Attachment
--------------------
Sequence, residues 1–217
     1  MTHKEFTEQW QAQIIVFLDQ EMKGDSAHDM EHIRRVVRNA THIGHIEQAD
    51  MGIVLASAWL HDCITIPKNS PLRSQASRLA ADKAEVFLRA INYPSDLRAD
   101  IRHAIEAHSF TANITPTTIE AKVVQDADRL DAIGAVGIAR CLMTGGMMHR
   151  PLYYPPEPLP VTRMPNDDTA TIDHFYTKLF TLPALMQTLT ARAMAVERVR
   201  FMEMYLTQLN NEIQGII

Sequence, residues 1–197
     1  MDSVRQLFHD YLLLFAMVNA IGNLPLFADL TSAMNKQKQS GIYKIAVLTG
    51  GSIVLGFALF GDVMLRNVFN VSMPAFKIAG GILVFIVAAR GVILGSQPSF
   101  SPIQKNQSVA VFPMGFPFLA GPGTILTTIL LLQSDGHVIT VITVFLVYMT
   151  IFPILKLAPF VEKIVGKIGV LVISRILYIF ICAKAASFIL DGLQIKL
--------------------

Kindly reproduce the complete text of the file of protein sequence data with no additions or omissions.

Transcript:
Sequence, residues 1–217
     1  MTHKEFTEQW QAQIIVFLDQ EMKGDSAHDM EHIRRVVRNA THIGHIEQAD
    51  MGIVLASAWL HDCITIPKNS PLRSQASRLA ADKAEVFLRA INYPSDLRAD
   101  IRHAIEAHSF TANITPTTIE AKVVQDADRL DAIGAVGIAR CLMTGGMMHR
   151  PLYYPPEPLP VTRMPNDDTA TIDHFYTKLF TLPALMQTLT ARAMAVERVR
   201  FMEMYLTQLN NEIQGII

Sequence, residues 1–197
     1  MDSVRQLFHD YLLLFAMVNA IGNLPLFADL TSAMNKQKQS GIYKIAVLTG
    51  GSIVLGFALF GDVMLRNVFN VSMPAFKIAG GILVFIVAAR GVILGSQPSF
   101  SPIQKNQSVA VFPMGFPFLA GPGTILTTIL LLQSDGHVIT VITVFLVYMT
   151  IFPILKLAPF VEKIVGKIGV LVISRILYIF ICAKAASFIL DGLQIKL